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RLS Day is here again, with exciting events throughout the week leading up to Stevenson’s birthday on the 13th of November!

This years theme is Crime. Why not immerse yourself in the dark side of Stevenson’s psyche by reading Sins and Follies, containing three sinister stories by Stevenson?

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Download your free copy here.


The full list of events can be found at the City of Literature’s website. Don’t forget to share your experiences on social media using the hashtag #RLSDay, and don’t forget to check back here for the highlights!


 

 

The Edinburgh Robert Louis Stevenson Club and Edinburgh Napier University have for three years collaborated on running a competition which aims to inspire young writers in Scotland by asking them to produce a piece of creative writing which draws on the rich and rewarding legacy that Robert Louis Stevenson has left us in his works of fiction, poetry, travel writing and essays.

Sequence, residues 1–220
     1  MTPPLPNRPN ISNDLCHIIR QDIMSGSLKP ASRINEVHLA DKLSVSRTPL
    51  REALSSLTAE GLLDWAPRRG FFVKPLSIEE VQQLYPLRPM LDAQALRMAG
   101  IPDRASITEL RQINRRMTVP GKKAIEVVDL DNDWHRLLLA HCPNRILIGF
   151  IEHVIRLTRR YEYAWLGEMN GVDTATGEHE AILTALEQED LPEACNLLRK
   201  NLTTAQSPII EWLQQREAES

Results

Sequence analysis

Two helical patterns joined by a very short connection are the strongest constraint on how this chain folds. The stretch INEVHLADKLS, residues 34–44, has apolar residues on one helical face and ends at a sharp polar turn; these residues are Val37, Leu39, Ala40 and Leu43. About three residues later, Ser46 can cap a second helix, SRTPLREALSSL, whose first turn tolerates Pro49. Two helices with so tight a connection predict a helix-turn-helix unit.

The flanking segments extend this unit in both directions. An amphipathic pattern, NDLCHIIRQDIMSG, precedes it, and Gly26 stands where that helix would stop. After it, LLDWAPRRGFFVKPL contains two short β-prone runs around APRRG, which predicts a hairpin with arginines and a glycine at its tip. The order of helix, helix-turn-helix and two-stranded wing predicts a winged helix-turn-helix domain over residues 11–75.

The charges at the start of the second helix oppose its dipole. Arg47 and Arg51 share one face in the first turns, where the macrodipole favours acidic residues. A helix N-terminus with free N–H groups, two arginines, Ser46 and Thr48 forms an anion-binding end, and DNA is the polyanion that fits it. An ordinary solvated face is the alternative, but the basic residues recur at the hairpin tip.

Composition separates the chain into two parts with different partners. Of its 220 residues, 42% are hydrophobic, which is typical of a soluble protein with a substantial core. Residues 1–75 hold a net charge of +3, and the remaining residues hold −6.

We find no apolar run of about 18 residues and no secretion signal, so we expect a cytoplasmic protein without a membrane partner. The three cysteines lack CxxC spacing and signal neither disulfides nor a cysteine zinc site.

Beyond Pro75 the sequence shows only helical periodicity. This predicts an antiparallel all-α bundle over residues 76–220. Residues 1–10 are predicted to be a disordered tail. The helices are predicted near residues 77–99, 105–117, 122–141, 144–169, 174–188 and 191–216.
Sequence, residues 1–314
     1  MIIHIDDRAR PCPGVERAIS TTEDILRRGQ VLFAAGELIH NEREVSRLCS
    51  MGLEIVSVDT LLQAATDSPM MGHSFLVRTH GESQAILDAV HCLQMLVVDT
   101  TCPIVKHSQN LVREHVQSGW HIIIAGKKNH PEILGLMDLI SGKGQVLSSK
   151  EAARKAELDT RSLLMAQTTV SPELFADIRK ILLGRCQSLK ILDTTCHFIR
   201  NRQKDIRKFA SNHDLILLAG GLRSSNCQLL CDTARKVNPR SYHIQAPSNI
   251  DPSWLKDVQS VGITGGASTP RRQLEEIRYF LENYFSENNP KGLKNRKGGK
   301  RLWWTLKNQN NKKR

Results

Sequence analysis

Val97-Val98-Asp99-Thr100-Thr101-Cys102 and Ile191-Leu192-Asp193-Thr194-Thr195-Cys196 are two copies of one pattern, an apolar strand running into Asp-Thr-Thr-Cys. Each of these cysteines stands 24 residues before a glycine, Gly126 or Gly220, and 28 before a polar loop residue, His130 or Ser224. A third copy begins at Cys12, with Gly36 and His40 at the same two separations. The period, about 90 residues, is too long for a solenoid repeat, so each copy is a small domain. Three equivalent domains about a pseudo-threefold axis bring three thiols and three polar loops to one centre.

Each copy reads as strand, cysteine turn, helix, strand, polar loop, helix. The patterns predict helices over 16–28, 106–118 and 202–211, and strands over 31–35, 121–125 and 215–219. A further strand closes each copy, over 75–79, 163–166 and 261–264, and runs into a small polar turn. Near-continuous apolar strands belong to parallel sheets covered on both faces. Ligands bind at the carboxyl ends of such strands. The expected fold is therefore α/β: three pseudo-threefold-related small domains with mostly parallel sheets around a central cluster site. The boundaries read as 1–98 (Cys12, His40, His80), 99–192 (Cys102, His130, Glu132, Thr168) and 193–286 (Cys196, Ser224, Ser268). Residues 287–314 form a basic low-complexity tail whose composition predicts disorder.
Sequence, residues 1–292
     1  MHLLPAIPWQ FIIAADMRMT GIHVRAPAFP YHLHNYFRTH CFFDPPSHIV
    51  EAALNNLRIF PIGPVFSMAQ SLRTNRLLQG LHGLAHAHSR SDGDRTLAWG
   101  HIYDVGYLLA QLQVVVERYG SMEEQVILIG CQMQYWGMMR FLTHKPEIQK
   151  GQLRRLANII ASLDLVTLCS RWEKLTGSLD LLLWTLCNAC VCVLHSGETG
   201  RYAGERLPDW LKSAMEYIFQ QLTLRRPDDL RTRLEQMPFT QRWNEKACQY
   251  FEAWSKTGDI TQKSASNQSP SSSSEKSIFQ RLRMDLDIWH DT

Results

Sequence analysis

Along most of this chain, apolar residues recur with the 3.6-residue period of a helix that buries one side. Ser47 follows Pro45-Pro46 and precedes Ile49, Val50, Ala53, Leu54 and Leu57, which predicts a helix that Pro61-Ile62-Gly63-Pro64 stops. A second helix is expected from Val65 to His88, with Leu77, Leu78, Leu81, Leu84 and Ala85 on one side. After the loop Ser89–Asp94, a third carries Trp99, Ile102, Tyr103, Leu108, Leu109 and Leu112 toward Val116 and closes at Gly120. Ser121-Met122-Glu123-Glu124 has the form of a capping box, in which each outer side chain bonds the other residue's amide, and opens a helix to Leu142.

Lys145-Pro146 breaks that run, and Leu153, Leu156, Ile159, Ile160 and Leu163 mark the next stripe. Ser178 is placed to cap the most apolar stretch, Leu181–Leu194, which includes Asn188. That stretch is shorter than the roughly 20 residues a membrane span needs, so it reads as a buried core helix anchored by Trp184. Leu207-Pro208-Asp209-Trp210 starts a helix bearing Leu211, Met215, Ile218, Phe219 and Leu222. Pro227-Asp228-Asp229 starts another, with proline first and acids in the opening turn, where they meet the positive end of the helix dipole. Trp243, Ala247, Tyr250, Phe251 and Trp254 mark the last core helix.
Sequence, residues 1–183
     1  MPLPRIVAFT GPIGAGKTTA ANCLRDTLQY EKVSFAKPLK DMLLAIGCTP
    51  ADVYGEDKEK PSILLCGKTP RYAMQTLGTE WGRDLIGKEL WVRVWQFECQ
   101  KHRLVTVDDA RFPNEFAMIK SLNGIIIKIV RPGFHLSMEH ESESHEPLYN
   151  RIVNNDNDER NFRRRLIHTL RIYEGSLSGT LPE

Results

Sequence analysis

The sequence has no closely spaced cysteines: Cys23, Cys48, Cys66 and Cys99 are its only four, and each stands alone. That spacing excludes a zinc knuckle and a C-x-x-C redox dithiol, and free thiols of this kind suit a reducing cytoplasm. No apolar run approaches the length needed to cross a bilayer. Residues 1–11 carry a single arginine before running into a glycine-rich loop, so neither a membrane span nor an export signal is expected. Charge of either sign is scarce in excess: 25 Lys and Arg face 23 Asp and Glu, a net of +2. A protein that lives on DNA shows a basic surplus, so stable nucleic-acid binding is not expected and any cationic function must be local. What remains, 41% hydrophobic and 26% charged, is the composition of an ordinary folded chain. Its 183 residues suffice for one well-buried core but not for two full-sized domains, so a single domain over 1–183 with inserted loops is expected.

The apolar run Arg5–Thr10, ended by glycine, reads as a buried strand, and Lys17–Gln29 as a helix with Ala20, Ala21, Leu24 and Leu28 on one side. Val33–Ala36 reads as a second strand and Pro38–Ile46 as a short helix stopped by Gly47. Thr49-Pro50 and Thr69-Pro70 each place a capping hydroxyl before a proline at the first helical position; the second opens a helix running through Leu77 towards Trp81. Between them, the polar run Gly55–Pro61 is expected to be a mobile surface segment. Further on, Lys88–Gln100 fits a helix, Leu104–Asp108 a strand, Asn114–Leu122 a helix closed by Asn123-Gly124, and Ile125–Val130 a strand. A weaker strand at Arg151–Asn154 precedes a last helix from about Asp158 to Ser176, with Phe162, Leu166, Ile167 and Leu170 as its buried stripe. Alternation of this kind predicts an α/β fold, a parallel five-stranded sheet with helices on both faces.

On the 5th September, a masterclass was held for the writers of the best entries, led by Louise Welsh. This was followed by the prize-giving ceremony.

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Louis Welsh Leads the Masterclass

Gillean Somerville-Arjat, of the Edinburgh Robert Louis Stevenson Club, provides this report:

‘Writers Shouldn’t Wear Headphones’